PEACH CREEK, W.Va. — Almost three years after its expected opening — and in a new location from where it was originally built — the new Logan County Dog Pound is finally nearing completion at Peach Creek.
Logan County Administrator Rocky Adkins said the delay has meant a better facility than what had been previously planned.
“Our thought process has evolved from the time we started. For me, looking at different products, some of the delays we have had actually brought about a much better product than what we thought we would start with,” Adkins said.
The new facility is located behind the old 84 Lumber property and has 18 stalls to house the dogs. Each stall has an 18 foot outside run half of which is sheltered. Adkins said a few of the inside stalls will be modified to house cats. There are also two stalls in a separate part of the building that will be used to house dogs that are considered vicious or sick. There is an area for food and supplies and the entire building will have heating and air conditioning.
Adkins said the facility has been constructed with material that will help prevent kennel illnesses.
“The floor is a resin compound that the dogs can’t scratch and it is sealed to where no bacteria can grow in it. We won’t have to worry about Parvo or any of those issues with the dogs as long as it is kept clean,” Adkins said. “This floor is crowned in the middle and everything goes to the outside. There is a continuous drain that runs in each of these dog stalls so the floor can be hosed down and drained.”
Adkins also said the walls of the stalls have been treated with a scratch resistant epoxy coating. “We don’t have to worry about the dogs tearing it up. It’s just a matter of just keeping them clean,” Adkins said. “The doors on each dog stall will be stainless steel. The floor is the key to how clean we can make this look and how good it will look over time.”
Adkins said when the facility opens, an employee will be there at all times during hours of operation to assist the public.
“There will be someone here all the time — not just sometimes — when people come to see what dogs are available for adoption or rescue,” Adkins said. “We are trying to make this so dogs can be treated humanely until someone can rescue or adopt them.”
Usually dogs are only housed in the pound for a week before they are euthanized, but Adkins said they are being more flexible with that rule.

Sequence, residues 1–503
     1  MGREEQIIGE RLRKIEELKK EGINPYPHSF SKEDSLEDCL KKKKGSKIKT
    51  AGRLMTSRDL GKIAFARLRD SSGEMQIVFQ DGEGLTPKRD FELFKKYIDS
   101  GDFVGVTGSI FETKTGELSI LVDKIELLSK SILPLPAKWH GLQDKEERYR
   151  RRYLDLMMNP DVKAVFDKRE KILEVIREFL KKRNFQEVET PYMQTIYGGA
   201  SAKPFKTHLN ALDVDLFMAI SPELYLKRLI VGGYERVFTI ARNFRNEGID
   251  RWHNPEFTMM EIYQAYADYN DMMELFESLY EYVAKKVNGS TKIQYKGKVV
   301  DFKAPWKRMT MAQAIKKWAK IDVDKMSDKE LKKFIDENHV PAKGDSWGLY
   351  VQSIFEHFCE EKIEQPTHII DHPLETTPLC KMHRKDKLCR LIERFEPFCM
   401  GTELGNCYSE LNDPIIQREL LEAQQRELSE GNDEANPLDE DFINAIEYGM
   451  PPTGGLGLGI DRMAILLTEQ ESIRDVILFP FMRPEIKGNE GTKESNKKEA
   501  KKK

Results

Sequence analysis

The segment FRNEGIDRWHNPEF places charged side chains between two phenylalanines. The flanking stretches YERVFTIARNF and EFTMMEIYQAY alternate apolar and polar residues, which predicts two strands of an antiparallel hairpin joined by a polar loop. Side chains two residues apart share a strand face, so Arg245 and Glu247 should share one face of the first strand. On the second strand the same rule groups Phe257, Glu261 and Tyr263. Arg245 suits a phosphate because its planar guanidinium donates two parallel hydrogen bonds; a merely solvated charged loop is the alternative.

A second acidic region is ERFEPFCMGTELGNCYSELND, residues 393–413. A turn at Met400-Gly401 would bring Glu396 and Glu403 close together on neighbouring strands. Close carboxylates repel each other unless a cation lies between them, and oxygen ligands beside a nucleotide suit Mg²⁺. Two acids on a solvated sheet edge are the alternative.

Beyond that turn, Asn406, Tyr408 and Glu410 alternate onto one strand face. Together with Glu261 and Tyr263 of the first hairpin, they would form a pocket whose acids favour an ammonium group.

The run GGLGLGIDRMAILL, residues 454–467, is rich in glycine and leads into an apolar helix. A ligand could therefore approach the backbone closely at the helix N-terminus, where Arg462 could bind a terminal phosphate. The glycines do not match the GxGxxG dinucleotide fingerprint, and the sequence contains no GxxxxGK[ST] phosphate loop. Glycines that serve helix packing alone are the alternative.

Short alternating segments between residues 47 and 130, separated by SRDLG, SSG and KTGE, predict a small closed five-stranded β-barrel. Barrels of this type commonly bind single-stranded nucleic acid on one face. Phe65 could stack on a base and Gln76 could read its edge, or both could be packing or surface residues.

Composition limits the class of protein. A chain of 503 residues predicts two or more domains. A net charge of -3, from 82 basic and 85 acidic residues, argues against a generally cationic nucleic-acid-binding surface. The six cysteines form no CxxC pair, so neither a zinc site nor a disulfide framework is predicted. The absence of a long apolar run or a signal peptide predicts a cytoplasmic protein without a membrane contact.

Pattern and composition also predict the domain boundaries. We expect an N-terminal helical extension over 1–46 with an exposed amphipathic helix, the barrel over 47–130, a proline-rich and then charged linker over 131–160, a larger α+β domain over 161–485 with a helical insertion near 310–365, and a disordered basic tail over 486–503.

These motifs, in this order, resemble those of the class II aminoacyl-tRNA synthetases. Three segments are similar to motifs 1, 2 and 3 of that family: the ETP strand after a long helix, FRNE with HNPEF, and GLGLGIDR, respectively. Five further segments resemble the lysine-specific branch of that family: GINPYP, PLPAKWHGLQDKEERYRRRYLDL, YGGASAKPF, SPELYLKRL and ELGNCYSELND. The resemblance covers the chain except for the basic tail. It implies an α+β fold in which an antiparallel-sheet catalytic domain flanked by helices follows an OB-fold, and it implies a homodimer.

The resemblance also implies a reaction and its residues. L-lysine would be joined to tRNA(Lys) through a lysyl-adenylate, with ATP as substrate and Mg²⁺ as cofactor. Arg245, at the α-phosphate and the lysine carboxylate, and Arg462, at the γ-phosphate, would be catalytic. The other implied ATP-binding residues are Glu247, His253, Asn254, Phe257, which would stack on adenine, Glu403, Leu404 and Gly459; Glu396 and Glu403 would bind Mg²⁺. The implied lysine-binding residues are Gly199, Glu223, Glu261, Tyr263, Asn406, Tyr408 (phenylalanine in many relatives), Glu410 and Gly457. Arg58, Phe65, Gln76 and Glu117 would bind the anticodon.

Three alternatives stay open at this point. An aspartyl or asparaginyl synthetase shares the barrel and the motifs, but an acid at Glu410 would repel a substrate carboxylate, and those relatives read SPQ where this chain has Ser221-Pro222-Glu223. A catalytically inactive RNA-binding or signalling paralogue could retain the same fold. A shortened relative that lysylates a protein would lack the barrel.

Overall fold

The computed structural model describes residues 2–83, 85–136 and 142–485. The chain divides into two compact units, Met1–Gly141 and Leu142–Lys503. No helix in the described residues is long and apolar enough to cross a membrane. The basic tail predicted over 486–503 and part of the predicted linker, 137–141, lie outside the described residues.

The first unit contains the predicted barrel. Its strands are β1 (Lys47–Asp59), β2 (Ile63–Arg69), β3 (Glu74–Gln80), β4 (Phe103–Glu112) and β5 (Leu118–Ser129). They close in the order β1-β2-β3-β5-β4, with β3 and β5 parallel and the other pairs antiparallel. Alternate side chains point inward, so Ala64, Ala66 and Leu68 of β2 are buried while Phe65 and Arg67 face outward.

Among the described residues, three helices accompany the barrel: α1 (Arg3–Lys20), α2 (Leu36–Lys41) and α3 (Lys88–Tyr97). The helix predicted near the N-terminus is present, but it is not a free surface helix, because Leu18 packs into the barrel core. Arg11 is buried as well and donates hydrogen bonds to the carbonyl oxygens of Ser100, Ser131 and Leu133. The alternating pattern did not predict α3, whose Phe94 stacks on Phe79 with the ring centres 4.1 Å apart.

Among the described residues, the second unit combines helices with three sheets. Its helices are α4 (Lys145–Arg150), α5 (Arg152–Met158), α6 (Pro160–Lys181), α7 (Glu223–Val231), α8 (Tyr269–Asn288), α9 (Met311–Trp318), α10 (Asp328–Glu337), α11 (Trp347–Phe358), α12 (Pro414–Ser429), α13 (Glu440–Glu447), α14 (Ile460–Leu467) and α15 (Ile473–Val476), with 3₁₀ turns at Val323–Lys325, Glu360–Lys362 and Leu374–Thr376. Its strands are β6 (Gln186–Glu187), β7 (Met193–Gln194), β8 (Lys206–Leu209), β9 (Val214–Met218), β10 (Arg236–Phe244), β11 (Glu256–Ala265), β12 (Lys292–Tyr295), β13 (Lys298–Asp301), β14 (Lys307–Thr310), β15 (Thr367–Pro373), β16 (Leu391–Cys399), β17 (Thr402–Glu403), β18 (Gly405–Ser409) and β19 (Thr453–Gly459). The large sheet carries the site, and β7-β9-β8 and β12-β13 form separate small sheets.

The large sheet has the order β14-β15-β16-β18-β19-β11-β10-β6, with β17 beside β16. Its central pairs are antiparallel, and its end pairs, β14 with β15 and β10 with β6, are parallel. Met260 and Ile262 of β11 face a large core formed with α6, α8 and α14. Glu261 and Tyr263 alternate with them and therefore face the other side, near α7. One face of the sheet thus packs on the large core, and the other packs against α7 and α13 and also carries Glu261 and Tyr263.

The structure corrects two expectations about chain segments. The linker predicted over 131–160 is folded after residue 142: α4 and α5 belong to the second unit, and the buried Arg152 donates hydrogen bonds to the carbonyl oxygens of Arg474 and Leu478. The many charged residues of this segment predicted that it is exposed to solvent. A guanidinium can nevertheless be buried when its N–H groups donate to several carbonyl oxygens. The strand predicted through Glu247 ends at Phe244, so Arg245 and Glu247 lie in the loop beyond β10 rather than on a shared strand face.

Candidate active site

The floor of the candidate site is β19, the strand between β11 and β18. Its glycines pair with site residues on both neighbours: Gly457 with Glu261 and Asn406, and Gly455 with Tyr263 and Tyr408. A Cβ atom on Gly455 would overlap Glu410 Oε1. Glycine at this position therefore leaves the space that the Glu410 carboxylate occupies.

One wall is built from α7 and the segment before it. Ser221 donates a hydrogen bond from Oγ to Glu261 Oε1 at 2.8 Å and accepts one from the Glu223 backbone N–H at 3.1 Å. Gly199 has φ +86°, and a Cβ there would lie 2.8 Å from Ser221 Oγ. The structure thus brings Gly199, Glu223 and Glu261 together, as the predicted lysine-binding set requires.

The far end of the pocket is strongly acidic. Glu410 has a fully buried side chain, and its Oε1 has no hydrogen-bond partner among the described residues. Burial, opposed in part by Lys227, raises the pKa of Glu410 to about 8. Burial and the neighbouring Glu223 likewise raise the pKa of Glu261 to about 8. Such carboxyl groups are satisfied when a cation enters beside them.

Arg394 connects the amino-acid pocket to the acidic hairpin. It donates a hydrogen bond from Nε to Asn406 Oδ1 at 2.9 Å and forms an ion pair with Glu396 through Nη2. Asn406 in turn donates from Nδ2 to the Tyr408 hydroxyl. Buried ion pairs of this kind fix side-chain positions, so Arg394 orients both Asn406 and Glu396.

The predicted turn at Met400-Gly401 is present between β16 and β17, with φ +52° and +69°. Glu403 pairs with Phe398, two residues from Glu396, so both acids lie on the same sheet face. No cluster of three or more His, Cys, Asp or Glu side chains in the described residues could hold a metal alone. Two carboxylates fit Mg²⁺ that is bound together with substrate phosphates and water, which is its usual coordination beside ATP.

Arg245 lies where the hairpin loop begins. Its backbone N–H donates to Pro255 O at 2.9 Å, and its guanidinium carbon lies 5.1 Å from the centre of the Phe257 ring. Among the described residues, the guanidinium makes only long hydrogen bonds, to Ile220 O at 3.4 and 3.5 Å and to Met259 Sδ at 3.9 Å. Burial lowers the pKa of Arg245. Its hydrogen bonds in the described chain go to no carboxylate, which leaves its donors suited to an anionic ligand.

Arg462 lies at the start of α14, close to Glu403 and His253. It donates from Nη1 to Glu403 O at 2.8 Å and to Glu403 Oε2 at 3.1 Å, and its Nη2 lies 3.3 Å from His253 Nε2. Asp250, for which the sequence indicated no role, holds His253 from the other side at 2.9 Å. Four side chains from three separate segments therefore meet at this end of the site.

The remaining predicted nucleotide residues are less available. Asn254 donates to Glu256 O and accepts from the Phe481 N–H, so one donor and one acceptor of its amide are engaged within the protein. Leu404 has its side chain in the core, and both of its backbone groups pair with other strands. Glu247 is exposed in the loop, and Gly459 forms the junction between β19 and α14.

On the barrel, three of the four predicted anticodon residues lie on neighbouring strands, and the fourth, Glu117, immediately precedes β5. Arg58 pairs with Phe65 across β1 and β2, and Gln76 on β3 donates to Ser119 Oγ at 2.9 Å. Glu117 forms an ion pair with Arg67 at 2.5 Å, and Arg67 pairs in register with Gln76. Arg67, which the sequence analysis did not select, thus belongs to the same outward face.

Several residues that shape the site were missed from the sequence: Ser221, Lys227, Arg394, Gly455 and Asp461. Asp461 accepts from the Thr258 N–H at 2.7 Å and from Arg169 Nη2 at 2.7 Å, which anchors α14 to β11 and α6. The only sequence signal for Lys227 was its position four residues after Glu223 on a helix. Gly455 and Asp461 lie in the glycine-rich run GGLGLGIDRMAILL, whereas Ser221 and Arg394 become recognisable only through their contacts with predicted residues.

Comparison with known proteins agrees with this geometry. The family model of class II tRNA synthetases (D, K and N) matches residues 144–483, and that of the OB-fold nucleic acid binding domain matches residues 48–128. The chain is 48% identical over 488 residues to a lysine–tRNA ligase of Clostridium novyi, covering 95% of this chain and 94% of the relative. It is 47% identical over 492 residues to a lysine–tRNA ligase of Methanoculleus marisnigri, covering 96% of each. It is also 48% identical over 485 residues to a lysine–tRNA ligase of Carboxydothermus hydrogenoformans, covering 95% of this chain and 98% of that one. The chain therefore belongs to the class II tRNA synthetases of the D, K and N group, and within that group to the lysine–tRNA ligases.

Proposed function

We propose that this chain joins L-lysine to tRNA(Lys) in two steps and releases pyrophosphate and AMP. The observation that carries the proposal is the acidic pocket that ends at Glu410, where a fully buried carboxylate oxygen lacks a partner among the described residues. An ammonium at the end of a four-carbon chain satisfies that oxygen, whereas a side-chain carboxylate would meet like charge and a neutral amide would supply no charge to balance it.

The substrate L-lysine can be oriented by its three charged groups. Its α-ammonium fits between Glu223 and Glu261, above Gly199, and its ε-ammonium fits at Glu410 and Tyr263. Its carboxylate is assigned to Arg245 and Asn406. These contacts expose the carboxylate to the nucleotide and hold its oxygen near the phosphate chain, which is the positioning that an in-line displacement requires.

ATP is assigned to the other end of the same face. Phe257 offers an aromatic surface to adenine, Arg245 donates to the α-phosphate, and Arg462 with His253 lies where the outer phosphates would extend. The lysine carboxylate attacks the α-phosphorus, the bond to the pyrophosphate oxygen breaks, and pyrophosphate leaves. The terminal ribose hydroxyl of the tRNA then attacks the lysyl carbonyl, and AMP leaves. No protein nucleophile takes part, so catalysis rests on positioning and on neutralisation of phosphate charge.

“We’re trying to be more flexible anytime we can. When we get this facility completed, and with how much more room and how we will be able to maintain the facility, we will probably be as flexible as we need to — or can be — to try to make sure an opportunity happens for the dogs. For anyone who is watching the reports, we are having almost zero euthanizations. I think we had one recently on a dog that was considered vicious. And again, that amount is due to all the (rescue) volunteers who make that happen,” Adkins said. “All we are doing is housing, but they are the ones doing all the other work in getting them rescued. But the fact that we are not killing tickles us as well as the others who didn’t want us to.”
Adkins said he hoped the project would be completed in a few weeks, but with so many different people doing projects he can’t be certain. For example, Adkins said it took several weeks to get the contractors in to do the floor and walls, and a couple more weeks for the contractor to complete the job.
“We want to make sure this is the best possible facility we can offer the county and the people who are animal activists and lovers who are trying to do the right things,” Adkins said. “It’s never been conducive to bring a child to that place up there if you wanted adopt an animal. When we get all this property groomed and the building done, families are going to be more apt to come to the dog pound and look. We’ve never been in that position, but we will be shortly. We’re getting excited because we see the end of the tunnel now.”
Other jobs like connecting the building to electricity, water and sewer are scheduled be completed soon.
Martha Sparks is a news reporter and can be reached at 304-752-6950, ext. 1728, or via Twitter at @MarthaSparks